In anticipation of spring imagine flowers, popping with color, soon to be in bloom; the cold weather will subside and the desire to get outside and prepare your Spring Garden will be on your mind!  Even if you are new to gardening, you will find it to be an experience of which there is always something to learn.  Organic Gardening is a popular choice, and while it can be a healthy choice to avoid pesticides, there may also be a few things you want to brush up on prior to diving all in.

Before you run out to your local nursery and purchase plants to house within your garden, there are a few things to consider. Each part of the country is divided into zones, which help to determine what plants will best thrive in these particular areas.  Knowing your zone can help speed up the success of your garden.  In addition to understanding the temperate zone you live in, educating yourself on the types of vegetables and fruits you may want to grow is important.  It’s a good idea to start your garden plan on paper.  It’s recommended to layout the design for your garden, determining plant placement and include proper spacing.  You will need to know if you are starting your plants from seeds or starter plants, the full maturity time for each of the plants, and determine the types of nutrients necessary within the soil and proper watering techniques.  All of these steps with increase the chances of a full producing garden.

Once you have designed and planted your organic garden, you might want to learn about the types of pests to watch out for and find proven tactics to ward off these pests when they arrive.  Snails can be one problematic creature in the garden, and while there are several remedies to ridding these pests, the ultimate goal is to protect your plants allowing them to grow.  As you plant seeds and starter plants, use a toilet paper roll at the base of the plant, protecting the stem.  The snails do not like the rough feeling of the cardboard and this will help keep them away.  Another item you can use at the base of your plants is broken up eggshells, again most of the smaller pests trying to make it up your plant, will be deterred as they approach these natural fences.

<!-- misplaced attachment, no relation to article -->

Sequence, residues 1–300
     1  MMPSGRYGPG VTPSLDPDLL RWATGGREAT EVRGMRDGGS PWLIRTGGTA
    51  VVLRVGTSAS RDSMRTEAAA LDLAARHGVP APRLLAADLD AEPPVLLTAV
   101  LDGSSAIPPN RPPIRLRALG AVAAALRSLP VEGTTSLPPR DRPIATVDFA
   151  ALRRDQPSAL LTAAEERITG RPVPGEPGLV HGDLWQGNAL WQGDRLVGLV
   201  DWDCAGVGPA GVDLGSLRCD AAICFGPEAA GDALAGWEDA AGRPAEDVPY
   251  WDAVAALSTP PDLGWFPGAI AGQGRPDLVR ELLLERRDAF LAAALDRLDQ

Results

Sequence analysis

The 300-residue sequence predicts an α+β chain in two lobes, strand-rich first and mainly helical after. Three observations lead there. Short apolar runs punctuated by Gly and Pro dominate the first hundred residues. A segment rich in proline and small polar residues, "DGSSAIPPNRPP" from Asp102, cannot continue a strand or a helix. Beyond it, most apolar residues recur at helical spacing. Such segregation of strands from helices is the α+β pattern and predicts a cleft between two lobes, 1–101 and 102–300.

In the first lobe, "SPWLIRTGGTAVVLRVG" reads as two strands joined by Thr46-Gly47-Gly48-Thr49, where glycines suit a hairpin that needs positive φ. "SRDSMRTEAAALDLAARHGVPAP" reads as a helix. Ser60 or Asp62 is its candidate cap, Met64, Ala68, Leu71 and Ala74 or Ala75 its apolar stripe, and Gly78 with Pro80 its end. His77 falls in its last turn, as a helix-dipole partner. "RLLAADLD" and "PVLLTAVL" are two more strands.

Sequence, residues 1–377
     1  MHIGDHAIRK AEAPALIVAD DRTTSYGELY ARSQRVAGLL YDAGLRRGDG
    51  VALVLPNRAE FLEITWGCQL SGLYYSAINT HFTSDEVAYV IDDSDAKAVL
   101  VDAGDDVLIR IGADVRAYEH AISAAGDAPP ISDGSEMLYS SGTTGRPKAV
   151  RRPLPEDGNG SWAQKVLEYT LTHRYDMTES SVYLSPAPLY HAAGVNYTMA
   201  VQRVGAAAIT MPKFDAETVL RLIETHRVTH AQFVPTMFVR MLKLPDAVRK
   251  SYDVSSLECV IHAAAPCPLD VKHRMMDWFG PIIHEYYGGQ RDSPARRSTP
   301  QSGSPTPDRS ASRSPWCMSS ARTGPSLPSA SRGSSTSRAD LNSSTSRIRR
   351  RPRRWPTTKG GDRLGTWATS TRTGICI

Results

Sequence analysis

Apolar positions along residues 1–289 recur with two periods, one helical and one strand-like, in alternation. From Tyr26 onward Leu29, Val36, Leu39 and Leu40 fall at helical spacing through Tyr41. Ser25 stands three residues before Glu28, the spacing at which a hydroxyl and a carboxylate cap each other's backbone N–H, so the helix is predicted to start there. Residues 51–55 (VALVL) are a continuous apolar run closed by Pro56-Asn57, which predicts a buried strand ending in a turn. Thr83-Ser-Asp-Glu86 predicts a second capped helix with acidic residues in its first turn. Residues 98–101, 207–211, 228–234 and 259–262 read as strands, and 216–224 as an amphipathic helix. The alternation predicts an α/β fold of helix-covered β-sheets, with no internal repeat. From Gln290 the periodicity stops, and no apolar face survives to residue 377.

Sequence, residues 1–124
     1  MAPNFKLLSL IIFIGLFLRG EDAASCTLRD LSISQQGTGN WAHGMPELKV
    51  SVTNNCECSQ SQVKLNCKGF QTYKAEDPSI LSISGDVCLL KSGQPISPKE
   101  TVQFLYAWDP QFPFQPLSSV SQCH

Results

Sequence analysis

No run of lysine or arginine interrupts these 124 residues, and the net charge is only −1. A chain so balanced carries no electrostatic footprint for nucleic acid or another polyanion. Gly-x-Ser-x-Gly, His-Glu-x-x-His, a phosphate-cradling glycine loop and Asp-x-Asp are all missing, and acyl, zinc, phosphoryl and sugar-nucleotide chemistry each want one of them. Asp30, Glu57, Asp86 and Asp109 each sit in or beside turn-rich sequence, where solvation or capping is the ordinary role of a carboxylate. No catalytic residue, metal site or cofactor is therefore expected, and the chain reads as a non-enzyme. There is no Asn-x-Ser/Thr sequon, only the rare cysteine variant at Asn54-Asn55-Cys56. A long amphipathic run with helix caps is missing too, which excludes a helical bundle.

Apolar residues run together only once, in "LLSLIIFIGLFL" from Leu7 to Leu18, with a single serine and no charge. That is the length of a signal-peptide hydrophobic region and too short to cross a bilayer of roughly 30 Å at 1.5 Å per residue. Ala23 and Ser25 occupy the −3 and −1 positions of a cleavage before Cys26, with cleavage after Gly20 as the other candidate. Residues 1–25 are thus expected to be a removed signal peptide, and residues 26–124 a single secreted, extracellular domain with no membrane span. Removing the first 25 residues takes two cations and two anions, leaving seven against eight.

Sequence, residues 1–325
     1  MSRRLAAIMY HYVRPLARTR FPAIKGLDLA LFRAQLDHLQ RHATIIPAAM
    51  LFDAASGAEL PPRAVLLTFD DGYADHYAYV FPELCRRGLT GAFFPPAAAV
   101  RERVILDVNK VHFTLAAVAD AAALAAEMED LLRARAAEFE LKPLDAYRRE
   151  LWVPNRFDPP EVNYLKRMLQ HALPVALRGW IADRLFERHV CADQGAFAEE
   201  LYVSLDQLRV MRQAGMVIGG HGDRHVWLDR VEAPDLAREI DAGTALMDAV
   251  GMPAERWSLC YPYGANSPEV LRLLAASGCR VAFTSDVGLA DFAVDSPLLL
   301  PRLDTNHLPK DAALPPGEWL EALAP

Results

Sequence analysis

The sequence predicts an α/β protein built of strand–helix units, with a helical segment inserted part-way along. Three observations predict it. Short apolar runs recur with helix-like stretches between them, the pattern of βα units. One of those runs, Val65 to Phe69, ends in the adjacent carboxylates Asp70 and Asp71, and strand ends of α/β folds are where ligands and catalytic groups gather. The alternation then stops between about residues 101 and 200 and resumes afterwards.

Keep in mind some insects and bugs are good for the garden, while others are not.  Educating yourself as you see new life within your garden can be a huge asset.  Ants are another pest hard to remove from the garden.  A few tips you may want to try, keeping your area pesticide free, include mixing coffee grounds within or around your soil, or in extreme cases you may wish to spread cornmeal which will help with the removal of the ants.  Another organic option to consider is ordering praying mantis eggs and ladybug larvae, both once acclimated to your garden will eat some of the unwanted insects like aphids.

Allowing your garden to grow organically, free of harsh chemicals and pesticides can take time and patience.  Creating an environment for friendly insects and bugs to cohabitate with your fruits and vegetables is a learning process.  When you reach out to buy those fast acting chemicals to rid your garden of unwanted pests, recall the reason you wanted to start an organic garden in the first place.  Nature is a lovely, complicated mix of life and upon taking the necessary steps to produce the fruits of your labor, you are sure to be pleased with the patience and education you gained in the process, while enjoying a healthy, home grown, home cooked meal!

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